The findings, the researchers say, suggest that the weight people give to the passage of time may be a trait consistently used throughout their brains, affecting the speed with which they make movements, as well as the way they make certain decisions.
In a summary of the research to be published Jan. 21 in The Journal of Neuroscience, the investigators note that a better understanding of how the human brain evaluates time when making decisions might also shed light on why malfunctions in certain areas of the brain make decision-making harder for those with neurological disorders like schizophrenia, or for those who have experienced brain injuries.
Principal investigator Reza Shadmehr, Ph.D., professor of biomedical engineering and neuroscience at The Johns Hopkins University, and his team set out to understand why some people are willing to wait and others aren’t. “When I go to the pharmacy and see a long line, how do I decide how long I’m willing to stand there?” he asks. “Are those who walk away and never enter the line also the ones who tend to talk fast and walk fast, perhaps because of the way they value time in relation to rewards?”
To address the question, the Shadmehr team used very simple eye movements, known as saccades, to stand in for other bodily movements. Saccades are the motions that our eyes make as we focus on one thing and then another. “They are probably the fastest movements of the body,” says Shadmehr. “They occur in just milliseconds.” Human saccades are fastest when we are teenagers and slow down as we age, he adds.
In earlier work, using a mathematical theory, Shadmehr and colleagues had shown that, in principle, the speed at which people move could be a reflection of the way the brain calculates the passage of time to reduce the value of a reward. In the current study, the team wanted to test the idea that differences in how subjects moved were a reflection of differences in how they evaluated time and reward.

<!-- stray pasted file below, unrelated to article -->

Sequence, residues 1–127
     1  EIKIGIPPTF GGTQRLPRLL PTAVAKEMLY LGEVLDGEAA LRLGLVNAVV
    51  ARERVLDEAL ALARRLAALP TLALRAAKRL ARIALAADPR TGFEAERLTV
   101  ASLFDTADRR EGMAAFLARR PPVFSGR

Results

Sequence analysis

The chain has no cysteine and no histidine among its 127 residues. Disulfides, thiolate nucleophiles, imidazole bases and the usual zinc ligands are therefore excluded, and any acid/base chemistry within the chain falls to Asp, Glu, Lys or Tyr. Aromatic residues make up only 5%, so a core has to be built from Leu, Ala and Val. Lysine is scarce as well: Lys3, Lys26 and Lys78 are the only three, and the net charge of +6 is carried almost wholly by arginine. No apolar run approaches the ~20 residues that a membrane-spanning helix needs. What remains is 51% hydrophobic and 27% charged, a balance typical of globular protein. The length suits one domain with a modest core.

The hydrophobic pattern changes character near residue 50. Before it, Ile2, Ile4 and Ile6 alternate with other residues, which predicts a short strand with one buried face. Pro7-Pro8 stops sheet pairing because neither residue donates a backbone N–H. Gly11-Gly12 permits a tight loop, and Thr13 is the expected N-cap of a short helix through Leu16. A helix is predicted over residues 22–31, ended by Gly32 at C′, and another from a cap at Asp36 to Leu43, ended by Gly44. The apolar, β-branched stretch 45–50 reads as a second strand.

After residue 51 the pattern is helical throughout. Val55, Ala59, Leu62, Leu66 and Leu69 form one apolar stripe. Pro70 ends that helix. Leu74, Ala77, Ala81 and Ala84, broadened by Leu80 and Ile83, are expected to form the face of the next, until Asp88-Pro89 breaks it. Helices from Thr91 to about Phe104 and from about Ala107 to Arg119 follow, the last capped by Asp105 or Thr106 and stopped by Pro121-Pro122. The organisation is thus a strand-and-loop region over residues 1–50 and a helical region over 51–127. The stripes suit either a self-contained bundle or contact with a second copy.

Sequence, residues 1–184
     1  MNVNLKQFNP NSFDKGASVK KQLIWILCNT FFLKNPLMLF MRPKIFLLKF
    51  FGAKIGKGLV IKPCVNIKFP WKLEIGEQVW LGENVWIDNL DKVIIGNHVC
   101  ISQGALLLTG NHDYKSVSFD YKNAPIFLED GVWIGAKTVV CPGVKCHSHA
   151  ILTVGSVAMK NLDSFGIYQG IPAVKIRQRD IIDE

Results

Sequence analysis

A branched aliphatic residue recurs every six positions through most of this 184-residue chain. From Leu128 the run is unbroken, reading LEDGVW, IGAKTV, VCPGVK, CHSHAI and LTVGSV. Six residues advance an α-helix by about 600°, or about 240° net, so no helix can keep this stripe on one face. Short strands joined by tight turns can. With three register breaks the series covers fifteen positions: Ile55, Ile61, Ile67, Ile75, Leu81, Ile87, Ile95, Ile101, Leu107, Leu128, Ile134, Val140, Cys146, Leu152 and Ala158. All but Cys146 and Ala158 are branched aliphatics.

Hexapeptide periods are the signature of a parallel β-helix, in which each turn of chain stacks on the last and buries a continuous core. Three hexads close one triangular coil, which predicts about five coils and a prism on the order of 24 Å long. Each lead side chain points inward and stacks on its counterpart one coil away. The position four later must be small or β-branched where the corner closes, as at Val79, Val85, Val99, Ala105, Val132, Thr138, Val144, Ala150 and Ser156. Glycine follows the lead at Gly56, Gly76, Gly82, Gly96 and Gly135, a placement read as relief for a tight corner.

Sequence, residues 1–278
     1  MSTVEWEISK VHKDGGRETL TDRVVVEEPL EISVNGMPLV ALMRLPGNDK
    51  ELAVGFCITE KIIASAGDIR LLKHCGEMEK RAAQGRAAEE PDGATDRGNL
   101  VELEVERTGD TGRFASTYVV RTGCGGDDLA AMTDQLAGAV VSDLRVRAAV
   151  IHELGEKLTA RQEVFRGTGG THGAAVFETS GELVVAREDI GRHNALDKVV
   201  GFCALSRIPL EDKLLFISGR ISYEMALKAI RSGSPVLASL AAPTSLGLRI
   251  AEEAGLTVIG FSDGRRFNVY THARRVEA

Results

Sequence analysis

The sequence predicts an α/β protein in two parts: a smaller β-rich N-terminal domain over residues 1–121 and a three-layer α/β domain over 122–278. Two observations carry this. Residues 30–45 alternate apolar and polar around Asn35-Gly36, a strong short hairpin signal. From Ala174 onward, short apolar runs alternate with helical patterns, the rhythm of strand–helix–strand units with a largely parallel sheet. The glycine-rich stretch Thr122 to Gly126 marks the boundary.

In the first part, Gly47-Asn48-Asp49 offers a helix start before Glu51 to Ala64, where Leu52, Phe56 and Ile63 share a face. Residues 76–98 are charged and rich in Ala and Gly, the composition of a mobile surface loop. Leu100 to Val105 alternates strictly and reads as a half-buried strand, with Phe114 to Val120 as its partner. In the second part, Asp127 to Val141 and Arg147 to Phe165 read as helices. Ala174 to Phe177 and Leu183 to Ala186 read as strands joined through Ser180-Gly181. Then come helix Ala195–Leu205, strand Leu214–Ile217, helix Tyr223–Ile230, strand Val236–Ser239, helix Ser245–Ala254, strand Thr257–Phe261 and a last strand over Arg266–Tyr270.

For the study, the team first asked healthy volunteers to look at a screen upon which dots would appear one at a time –– first on one side of the screen, then on the other, then back again. A camera recorded their saccades as they looked from one dot to the other. The researchers found a lot of variability in saccade speed among individuals but very little variation within individuals, even when tested at different times and on different days. Shadmehr and his team concluded that saccade speed appears to be an attribute that varies from person to person. “Some people simply make fast saccades,” he says.
To determine whether saccade speed correlated with decision-making and impulsivity, the volunteers were told to watch the screen again. This time, they were given visual commands to look to the right or to the left. When they responded incorrectly, a buzzer sounded.
After becoming accustomed to that part of the test, they were forewarned that during the following round of testing, if they followed the command right away, they would be wrong 25 percent of the time. In those instances, after an undetermined amount of time, the first command would be replaced by a second command to look in the opposite direction.
To pinpoint exactly how long each volunteer was willing to wait to improve his or her accuracy on that phase of the test, the researchers modified the length of time between the two commands based on a volunteer’s previous decision. For example, if a volunteer chose to wait until the second command, the researchers increased the time they had to wait each consecutive time until they determined the maximum time the volunteer was willing to wait — only 1.5 seconds for the most patient volunteer. If a volunteer chose to act immediately, the researchers decreased the wait time to find the minimum time the volunteer was willing to wait to improve his or her accuracy.
When the speed of the volunteers’ saccades was compared to their impulsivity during the patience test, there was a strong correlation. “It seems that people who make quick movements, at least eye movements, tend to be less willing to wait,” says Shadmehr. “Our hypothesis is that there may be a fundamental link between the way the nervous system evaluates time and reward in controlling movements and in making decisions. After all, the decision to move is motivated by a desire to improve one’s situation, which is a strong motivating factor in more complex decision-making, too.”
The other authors of the report are Jennie Choi and Pavan Vaswani of the Johns Hopkins University School of Medicine.
This work was supported by grants from the National Institute of Neurological Disorders and Stroke (NS078311) and the Human Frontier Science Program.
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